“Why not send for her?” Mark asked, casting about in his mind whether in case Helen came, he, too, could tarry for a week and leave that business in Southbridge, which he must attend to ere returning to the city.
It would be a study to watch Helen Lennox there at Newport, and in imagination Mark was already her sworn knight, shielding her from criticism, and commanding her respect from those who respected him, when Katy tore his castle down by answering impulsively:
“I doubt if Wilford would let me send for her here, nor does it matter, as I shall not remain much longer. I do not need her now, since you have showed me how foolish I have been. I was angry at first, but now I thank you for it, and so would Helen. I shall tell her when I am in Silverton. I am going there from here, and oh, I so wish it was to-day.”
The guests were beginning to return from the beach by this time, and as Mark had said all he had intended saying, and even more, he left Katy with Wilford, who had just come in and joined a merry party of Bostonians only that day arrived. That night at the Ocean House the guests missed something from their festivities; the dance was not so exhilarating or the small-talk between them so lively, while more than one white-kidded dandy swore mentally at the innocent Wilford, whose wife declined to join in the gayeties, and in a plain white muslin, with only a pond lily in her hair, kept by her husband’s side, notwithstanding that he more than once bade her leave him and accept some of her numerous invitations to join the giddy dance. This sober phase of Katy did not on the whole please Wilford as much as her gayer ones had done. Perfectly sure of her devotion to himself, he liked to watch her as she glided amid the throng which paid her so much homage. All he had ever dreamed of the sensation his bride would create was more than verified. Katy had fulfilled his highest expectations, reaching a point from which, as she had said to Mark, she could even dictate to his mother, if she chose, and he did not care to see her relinquish it.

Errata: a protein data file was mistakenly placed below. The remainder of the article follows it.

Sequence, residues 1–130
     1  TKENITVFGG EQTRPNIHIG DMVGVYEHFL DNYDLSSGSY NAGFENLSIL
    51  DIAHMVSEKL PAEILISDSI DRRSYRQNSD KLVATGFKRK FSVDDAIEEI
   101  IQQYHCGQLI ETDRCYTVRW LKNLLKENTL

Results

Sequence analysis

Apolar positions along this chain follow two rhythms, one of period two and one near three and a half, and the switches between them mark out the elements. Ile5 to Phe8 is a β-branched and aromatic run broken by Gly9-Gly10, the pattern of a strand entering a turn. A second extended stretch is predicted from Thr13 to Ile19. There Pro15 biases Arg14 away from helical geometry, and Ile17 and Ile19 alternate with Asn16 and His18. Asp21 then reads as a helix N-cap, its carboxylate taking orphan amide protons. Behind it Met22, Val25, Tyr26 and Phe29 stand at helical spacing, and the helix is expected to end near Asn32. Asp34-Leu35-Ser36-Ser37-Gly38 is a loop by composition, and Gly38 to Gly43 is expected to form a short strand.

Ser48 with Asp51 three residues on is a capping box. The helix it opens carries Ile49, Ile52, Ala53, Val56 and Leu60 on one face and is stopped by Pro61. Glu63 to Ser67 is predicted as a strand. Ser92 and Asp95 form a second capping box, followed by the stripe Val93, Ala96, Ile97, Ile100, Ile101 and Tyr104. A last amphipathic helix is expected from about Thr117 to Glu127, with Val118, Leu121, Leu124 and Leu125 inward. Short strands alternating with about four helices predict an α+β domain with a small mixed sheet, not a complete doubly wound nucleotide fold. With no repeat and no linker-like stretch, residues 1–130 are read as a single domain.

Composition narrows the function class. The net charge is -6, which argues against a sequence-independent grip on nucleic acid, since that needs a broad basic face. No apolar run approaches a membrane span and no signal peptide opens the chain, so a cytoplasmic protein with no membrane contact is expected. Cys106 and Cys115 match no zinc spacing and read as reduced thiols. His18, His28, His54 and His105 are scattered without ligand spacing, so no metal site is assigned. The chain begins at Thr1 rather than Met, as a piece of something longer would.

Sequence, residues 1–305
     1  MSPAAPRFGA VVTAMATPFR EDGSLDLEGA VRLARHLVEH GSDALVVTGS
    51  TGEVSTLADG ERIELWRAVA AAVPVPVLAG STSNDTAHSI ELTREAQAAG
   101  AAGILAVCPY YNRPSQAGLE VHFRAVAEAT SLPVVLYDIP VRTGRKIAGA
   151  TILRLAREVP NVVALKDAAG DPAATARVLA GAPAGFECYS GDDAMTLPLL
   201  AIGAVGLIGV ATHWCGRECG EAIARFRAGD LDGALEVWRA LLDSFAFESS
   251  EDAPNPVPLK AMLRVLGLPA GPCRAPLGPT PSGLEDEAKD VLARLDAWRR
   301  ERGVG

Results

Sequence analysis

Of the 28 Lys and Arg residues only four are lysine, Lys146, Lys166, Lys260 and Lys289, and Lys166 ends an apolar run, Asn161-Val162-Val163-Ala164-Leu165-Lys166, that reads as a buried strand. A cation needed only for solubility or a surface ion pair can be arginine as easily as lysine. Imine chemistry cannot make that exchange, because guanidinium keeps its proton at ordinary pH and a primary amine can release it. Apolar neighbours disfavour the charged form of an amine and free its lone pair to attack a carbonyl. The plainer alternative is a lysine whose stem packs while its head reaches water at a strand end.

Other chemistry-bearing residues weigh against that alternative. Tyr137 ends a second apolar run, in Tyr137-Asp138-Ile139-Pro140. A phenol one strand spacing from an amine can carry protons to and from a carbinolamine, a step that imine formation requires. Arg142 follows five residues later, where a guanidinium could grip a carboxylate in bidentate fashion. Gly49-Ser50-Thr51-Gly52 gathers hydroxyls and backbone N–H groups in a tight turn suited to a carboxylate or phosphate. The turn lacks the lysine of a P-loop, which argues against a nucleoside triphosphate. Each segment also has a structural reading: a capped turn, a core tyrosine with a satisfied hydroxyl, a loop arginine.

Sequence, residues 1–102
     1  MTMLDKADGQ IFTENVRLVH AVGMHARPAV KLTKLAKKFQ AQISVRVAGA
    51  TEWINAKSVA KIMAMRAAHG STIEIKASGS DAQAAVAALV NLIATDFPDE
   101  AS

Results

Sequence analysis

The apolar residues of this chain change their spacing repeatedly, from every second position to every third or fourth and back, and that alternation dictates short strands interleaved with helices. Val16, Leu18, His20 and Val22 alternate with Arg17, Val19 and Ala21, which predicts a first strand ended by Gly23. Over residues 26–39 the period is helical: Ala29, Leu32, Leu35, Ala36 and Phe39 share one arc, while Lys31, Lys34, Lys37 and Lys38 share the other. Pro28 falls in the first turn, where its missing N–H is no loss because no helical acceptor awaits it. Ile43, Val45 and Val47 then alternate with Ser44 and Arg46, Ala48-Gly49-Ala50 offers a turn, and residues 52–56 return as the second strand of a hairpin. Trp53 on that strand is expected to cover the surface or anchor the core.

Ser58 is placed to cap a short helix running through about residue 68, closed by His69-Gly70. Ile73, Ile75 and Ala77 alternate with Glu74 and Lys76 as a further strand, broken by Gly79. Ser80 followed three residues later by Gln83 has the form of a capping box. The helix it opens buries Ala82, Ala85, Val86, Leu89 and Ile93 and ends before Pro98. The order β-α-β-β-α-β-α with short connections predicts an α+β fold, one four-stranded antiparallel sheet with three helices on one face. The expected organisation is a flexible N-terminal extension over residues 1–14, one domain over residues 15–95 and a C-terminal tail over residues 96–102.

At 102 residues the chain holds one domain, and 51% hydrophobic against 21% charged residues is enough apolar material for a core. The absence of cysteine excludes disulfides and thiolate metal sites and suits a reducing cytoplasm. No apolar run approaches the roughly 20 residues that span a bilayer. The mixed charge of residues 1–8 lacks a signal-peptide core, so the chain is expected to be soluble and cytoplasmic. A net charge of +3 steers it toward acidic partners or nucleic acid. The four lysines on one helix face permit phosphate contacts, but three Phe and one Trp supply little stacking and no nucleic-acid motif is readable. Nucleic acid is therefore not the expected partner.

But Katy remained true to herself. Dropping her girlish playfulness she assumed a quiet, gentle dignity, which became her even better than her gayer mood had done, making her ten times more popular and more sought after, until she begged to go away, persuading Wilford at last to name the day for their departure, and then, never doubting for a moment that her destination was Silverton, she wrote to Helen that she was coming on such a day, and as they would come by way of Providence and Worcester, they would probably reach West Silverton at ten o’clock, A.M.
“Wilford,” she added, in a postscript, “has gone down to bathe, and as the mail is just closing, I shall send this letter without his seeing it. Of course it can make no difference, for I have talked all summer of coming, and he understands it.”